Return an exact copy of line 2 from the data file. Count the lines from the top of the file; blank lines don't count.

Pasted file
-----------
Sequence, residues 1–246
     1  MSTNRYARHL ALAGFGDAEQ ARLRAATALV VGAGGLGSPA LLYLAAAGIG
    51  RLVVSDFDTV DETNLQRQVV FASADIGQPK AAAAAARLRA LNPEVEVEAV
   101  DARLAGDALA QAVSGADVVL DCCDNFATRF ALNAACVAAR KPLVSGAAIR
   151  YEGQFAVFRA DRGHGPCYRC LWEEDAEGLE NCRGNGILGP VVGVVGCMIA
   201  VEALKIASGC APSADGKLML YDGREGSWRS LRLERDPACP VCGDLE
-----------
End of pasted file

     1  MSTNRYARHL ALAGFGDAEQ ARLRAATALV VGAGGLGSPA LLYLAAAGIG